This is the second in a series of four blog posts discussing the top concerns for healthcare landlords. In case you missed it, check out our first blog post, “Top Concerns for Healthcare Landlords: Timeshare Leasing.”
When it comes to managing leases for hospitals and healthcare systems, keeping track of payment dates and amounts serves as one piece of the puzzle.
From the Affordable Care Act (ACA), Stark Law and Anti-Kickback Statute, there are a number of different laws and regulations that hospitals and healthcare systems must adhere to when managing their leases in order to remain in compliance.
Affordable care act.
Changing legislation of the Affordable Care Act (ACA) requires greater efficiencies in the healthcare sector, which are driving hospitals and healthcare systems to acquire physician practices to meet the increased demand of additional insured patients.
As streamlining of services become more of a reality, relocating physician tenants in non-traditional ways will continue to challenge healthcare facility and real estate teams. Non-traditional ideas, like grouping different specialists together for maximum efficiency, drives overall efficiency. But in the day-to-day office reality, they create challenges as different specialists have varying office demands.
When it comes to hospital campuses, which are already constrained for space, additional physician practices on campus can create problems that require creative ideas to fix. Different systems have addressed challenges in varied ways, such as re-purposing under-utilized space that already exists and moving into new areas that were not previously being served by the hospital or healthcare system.
The Anti-Kickback Statute protects federal health care programs and patients by making it a crime to offer or receive payment in exchange for referrals for services/goods to entities in which the physician has a financial relationship. This can include the rental amount, which must be fair market value and fixed in advanced, as well as rental space, which must be the appropriate size and available to the physician for the amount of time necessary to carry out the business purpose for the space.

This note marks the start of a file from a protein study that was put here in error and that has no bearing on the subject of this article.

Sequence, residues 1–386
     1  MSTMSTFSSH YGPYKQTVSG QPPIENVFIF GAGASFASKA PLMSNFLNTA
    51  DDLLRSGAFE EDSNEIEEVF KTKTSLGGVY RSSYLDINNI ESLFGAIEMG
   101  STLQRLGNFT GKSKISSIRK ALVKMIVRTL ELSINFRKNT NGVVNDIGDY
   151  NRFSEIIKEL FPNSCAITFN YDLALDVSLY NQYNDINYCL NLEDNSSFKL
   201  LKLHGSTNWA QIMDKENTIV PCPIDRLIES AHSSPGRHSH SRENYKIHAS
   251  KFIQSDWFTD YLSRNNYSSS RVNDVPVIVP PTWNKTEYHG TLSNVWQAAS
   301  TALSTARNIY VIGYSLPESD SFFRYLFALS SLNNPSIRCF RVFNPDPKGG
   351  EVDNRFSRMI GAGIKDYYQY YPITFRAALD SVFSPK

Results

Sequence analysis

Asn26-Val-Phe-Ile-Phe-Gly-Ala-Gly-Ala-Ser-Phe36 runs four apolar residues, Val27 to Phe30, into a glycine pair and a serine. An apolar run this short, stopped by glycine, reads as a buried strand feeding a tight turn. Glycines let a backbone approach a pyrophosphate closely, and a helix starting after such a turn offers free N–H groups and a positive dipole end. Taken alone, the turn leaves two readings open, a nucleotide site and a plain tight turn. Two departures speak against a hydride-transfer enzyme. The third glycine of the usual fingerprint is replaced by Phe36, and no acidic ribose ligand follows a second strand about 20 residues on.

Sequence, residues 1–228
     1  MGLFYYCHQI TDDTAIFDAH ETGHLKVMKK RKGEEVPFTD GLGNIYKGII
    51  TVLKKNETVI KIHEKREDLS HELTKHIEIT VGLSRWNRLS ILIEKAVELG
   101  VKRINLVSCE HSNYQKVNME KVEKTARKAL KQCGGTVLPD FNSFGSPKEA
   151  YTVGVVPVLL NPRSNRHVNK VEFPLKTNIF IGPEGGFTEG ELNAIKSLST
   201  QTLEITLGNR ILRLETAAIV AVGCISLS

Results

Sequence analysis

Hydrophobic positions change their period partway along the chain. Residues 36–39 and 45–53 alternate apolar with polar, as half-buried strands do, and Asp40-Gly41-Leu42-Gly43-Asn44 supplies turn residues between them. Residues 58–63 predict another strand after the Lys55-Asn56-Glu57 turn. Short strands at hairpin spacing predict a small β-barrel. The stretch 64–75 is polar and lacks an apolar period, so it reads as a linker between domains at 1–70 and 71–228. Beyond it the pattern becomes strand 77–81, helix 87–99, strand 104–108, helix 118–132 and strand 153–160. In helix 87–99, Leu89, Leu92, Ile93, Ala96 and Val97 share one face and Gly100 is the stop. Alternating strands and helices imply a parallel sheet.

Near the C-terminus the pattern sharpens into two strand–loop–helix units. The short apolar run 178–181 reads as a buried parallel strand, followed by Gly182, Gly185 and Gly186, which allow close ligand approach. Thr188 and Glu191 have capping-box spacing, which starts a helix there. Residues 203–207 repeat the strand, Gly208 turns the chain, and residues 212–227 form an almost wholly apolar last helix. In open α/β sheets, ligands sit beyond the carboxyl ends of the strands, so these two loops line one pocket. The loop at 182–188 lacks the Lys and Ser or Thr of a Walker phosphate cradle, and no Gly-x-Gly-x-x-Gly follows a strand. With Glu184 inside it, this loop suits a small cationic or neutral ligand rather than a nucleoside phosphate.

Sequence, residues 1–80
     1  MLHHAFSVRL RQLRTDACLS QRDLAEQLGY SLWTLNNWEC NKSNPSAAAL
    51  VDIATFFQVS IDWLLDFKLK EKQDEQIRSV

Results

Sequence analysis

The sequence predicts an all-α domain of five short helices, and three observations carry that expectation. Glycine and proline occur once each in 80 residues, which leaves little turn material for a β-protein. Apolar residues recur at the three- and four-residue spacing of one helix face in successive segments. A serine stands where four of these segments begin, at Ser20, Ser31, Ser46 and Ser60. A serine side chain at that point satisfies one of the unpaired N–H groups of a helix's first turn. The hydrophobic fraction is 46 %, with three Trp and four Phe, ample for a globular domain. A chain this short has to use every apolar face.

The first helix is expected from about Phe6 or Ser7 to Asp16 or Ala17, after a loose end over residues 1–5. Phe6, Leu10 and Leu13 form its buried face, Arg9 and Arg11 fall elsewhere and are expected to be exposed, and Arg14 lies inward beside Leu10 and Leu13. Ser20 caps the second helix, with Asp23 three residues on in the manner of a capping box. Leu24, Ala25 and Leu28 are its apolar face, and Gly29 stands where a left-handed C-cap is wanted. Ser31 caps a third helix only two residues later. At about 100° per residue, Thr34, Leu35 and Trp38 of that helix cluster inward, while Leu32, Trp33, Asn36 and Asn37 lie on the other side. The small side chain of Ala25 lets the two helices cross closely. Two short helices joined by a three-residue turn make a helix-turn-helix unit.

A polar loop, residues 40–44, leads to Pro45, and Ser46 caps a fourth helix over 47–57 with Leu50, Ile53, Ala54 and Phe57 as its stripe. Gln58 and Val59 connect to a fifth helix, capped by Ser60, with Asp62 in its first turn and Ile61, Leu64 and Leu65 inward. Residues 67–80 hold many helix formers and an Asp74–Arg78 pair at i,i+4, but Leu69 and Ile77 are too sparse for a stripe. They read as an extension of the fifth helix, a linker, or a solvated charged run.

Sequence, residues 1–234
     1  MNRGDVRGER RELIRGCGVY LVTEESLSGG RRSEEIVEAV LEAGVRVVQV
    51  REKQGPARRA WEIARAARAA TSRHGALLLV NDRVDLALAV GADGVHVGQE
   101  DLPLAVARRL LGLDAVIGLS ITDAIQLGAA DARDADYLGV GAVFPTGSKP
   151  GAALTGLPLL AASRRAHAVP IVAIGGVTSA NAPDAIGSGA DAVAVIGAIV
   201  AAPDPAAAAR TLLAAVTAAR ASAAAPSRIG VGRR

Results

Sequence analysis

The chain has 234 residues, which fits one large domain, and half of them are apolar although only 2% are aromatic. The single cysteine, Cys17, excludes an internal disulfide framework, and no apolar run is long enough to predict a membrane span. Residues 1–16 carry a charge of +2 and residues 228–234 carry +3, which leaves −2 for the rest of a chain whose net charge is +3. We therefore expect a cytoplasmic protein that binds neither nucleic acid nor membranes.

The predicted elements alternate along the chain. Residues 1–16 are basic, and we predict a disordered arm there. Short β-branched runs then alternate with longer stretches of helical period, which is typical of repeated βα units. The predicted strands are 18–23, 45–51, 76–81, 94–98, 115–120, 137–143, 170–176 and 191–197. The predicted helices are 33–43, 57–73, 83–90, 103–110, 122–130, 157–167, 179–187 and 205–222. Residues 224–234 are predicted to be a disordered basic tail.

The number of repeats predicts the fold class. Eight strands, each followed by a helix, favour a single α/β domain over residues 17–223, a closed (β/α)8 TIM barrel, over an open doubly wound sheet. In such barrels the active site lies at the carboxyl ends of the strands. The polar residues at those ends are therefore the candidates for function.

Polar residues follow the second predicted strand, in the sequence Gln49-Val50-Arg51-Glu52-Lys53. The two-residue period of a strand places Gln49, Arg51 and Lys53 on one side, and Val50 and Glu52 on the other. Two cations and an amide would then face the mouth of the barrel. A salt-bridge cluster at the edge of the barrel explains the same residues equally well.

Violations of the Anti-Kickback Statute can result in up to five years in prison and fines up to $25,000, as well as administrative civil money penalties as much as $50,000.
Staying in compliance with the Stark Law can be both complex and confusing. The Stark Law governs physician self-referral for Medicare and Medicaid patients. In general, it prohibits referring a patient to a physician or medical facility in which there is a financial interest. In order to avoid pricy penalties, health providers must self-report in several operative areas, including its office space and equipment leases with physicians.
Some key areas of compliance related specifically to leases include:
- Establishing written agreements between providers and referral sources.
- Prohibiting the use of “per-click” space and equipment leasing arrangements.
- Specifying the precise premise that is included in the lease terms.
The Health Insurance Portability and Accountability Act of 1996 (HIPAA) doesn’t impact healthcare landlords to the extent of the regulations noted previously, but it still needs to be addressed.
HIPAA was designed to safeguard an individual’s health information, of which Congress has determined a basic civil right. As tenants typically do not disclose health information to landlords in order for the landlord to perform essential functions within the building, they typically are not identified as an entity under HIPAA’s regulation of third parties.
Because of this, healthcare landlords typically do not have any obligations under HIPAA. However, it’s important to note that the federal government notes that health information, "should be protected with reasonable administrative, technical and physical safeguards to ensure its confidentiality, integrity and availability and to prevent unauthorized or inappropriate access, use or disclosure.”
Healthcare landlords may want to consider noting these safeguards within the lease, such as:
- Creating specific areas that cannot be accessed by vendors that enter the facility.
- Developing a procedure that ensures health records are locked before vendors enter the facility (such as janitorial services after hours).
- Establishing vendor rules, such as the need to be supervised while on the leased premises.